Journey’s Schon And Cain Sue, Charging Bandmates With Attempted ‘Coup’
Journey principal members Neal Schon and Jonathan Cain have told drummer Steven Smith and bassist Ross Valory to go their separate ways, alleging in a lawsuit the duo has launched a “corporate coup d’etat” by attempting to claim the rights to band’s trademarks. The suit was filed March 3 in California Superior Court in Contra Costa County and seeks $10 million in damages along with other declaratory relief.
Smith and Valory comprise Journey’s onetime rhythm section, and have been fired from the band, according to a statement from attorney Skip Miller.
According to the 65-page complaint, Smith and Valory are accused of holding an improper shareholder meeting Feb. 13 to oust Schoen and Cain from leadership roles in and take control of Nightmare Productions, the corporate entity that conducts part of the band’s business and owns the Journey Mark.
Schoen and Cain contend that under a 1985 trademark license agreement, an “exclusive, irrevocable license of the Journey mark” was issued by Nightmare Productions to the two plaintiffs via another company, Elmo Partners, which originally included singer Steve Perry, according to the complaint.
Under the terms of the agreement, the license provided to Elmo Partners “shall continue ‘until the date upon which not one of Stephen Perry, Neal Joseph Schon, or Jonathan Cain is actively engaged in a professional music career utiliizing the name “Journey,”‘ the complaint says. Perry left the band in 1997 and the following year another agreement was made authorizing Schon and Cain to control the use of the Journey name going forward “and expressly authorized them to perform together as Journey, with or without anyone else.”
The band has since toured successfully with various members, including current singer Arnel Pineda.
Smith and Valory are alleged to have conducted shareholder and Board of Director meetings of Nightmare Productions last month, during which they removed Cain as president, replacing him with Smith; and Schon as secretary, replaced by Valory.
The purpose, according to the complaint, was to force Schon, Cain and Nightmare Productions to “provide them with windfall payments after their retirement; they want to be paid a share of Journey touring revenue in perpetuity under the guise of a licensing fee while they perform absolutely no work for the band.”
Touring revenue would be substantial. In just the last three years, Journey has headlined arenas and amphitheaters, moving an average of 13,171 tickets per show for a gross of $1,235,202. Journey has a major summer shed tour on the books in 2020 with The Pretenders in support.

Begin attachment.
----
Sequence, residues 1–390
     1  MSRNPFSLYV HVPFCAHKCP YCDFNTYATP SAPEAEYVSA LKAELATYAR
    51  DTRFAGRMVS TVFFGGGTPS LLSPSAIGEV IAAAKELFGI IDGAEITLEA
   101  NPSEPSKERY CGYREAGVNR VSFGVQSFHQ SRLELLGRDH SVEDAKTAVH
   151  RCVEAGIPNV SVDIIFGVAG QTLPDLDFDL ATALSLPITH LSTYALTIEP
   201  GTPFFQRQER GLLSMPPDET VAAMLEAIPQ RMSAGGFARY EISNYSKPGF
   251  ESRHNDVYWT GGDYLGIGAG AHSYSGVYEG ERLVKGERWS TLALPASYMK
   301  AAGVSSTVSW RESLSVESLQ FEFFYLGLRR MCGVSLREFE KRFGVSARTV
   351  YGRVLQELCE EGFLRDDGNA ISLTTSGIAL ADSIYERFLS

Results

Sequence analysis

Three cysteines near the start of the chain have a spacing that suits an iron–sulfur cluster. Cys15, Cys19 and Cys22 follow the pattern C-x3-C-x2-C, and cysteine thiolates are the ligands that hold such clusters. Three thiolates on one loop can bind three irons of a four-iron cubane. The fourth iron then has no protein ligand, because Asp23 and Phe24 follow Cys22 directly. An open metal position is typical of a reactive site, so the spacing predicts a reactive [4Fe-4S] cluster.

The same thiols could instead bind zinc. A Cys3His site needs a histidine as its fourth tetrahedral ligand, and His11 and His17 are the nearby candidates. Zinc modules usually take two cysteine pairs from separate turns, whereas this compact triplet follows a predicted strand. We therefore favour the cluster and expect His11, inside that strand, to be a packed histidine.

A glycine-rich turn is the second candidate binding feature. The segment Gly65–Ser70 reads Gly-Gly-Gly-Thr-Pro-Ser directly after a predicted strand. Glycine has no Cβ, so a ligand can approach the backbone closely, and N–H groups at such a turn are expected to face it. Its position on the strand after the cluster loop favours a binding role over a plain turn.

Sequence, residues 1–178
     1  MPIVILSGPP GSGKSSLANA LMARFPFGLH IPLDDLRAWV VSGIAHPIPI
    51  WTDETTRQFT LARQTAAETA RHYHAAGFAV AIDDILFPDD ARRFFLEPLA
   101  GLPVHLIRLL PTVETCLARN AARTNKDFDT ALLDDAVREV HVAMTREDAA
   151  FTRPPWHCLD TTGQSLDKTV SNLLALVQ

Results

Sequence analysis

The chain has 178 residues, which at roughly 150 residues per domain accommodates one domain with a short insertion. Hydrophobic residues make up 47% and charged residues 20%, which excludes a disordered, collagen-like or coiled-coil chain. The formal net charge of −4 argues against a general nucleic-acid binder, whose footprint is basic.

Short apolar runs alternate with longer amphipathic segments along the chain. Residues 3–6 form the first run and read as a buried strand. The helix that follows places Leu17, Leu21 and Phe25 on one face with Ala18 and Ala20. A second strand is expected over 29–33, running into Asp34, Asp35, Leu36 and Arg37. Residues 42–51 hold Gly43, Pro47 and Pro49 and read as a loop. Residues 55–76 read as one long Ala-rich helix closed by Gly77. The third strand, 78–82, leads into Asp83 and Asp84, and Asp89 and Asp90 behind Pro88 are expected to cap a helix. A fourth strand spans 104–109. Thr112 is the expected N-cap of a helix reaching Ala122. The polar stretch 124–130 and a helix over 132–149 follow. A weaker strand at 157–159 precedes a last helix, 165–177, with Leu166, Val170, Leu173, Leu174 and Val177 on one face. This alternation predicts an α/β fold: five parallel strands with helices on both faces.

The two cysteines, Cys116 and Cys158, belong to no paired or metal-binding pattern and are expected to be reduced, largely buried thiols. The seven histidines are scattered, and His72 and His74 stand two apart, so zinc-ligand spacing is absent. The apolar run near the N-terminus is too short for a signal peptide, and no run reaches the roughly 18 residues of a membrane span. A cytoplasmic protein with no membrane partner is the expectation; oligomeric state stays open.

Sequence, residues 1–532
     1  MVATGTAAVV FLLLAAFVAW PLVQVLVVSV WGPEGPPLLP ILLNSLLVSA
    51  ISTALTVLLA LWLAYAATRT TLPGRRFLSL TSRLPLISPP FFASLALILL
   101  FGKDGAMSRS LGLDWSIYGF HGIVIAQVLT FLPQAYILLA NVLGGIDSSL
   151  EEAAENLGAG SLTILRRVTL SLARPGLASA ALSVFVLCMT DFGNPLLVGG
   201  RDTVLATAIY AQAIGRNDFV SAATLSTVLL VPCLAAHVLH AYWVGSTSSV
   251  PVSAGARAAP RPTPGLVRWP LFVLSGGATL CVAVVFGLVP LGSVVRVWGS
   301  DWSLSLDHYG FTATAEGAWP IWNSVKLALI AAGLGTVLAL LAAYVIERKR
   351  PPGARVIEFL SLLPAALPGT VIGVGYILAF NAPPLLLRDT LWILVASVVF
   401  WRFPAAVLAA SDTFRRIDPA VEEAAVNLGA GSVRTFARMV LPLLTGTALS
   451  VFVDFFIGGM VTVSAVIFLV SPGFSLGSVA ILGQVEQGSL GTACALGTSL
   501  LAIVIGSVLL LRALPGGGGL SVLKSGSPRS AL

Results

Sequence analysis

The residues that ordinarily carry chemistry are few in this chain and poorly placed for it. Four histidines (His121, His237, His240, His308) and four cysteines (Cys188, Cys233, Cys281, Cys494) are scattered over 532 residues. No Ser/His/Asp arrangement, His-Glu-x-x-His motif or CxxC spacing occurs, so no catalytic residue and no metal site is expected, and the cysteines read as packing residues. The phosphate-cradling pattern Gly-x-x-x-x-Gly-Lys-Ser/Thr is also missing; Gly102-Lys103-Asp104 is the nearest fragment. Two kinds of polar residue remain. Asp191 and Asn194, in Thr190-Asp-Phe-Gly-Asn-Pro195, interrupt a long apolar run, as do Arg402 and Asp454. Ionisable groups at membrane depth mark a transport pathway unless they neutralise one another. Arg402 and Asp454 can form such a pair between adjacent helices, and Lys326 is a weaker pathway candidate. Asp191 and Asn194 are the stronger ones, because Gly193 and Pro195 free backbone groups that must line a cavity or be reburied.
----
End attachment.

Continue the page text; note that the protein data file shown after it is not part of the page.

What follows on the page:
Valory and Smith were included in the band lineup that performed a residency Oct. 9 through Dec. 31 at The Colosseum at Caesars Palace in Las Vegas, according to the press release announcing the run. Those are the last dates Journey has performed, according to Pollstar records.
The lawsuit accuses Smith and Valory of “self-dealing,” as they purportedly expressed an interest in retirement in recent months and used Nightmare Productions “as a tool to destroy the fabric of the band, undermining the very reason for Nightmare Productions’ existence,” the complaint says.
The lawsuit further states Smith and Valory “have destroyed the chemistry, cohesion and rapport necessary for the band to play together. Journey can only tour successfully and succeed creatively if it is united and the band members trust one another. The actions taken by Smith and Valory shattered that trust.” Had the “coup” succeeded, “it would have brought an end to a legendary band that has brought so much joy to millions of people all over the world,” the complaint adds.
Journey formed in the San Francisco Bay Area in 1973, out of the remnants of Santana. Only Schon remains from the original iteration with Cain and Perry joining later to form the core of the band that found arena rock success with 10 platinum albums, 18 Top 40 Singles, and more than 75 million albums sold worldwide. It was inducted into the Rock And Roll Hall Of Fame in 2017.
Valory and Smith have been intermittent members of Journey, with Valory leaving the band in 1985 only to return in 1995, and Smith departing in 1986 and returning in 2015.
Schon and Cain are represented by Skip Miller of law firm Miller Barondess, who stated, “This is not an action that Neal and Jon wanted to bring against two men that they once considered their brothers, but the devious and truculent behavior of Steve and Ross left them reluctantly with no choice but to act decisively. Journey will continue on with great success by ridding the band of disruptive members and replacing them with top musicians; and most importantly, by keeping its essential members – Schon, Cain and Pineda – fully intact.”